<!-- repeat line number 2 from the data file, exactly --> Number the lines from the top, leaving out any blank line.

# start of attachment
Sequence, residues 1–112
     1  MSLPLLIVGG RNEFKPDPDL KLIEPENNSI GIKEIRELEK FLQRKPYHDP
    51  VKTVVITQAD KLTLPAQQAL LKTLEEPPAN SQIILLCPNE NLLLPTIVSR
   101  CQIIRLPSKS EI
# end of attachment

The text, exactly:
     1  MSLPLLIVGG RNEFKPDPDL KLIEPENNSI GIKEIRELEK FLQRKPYHDP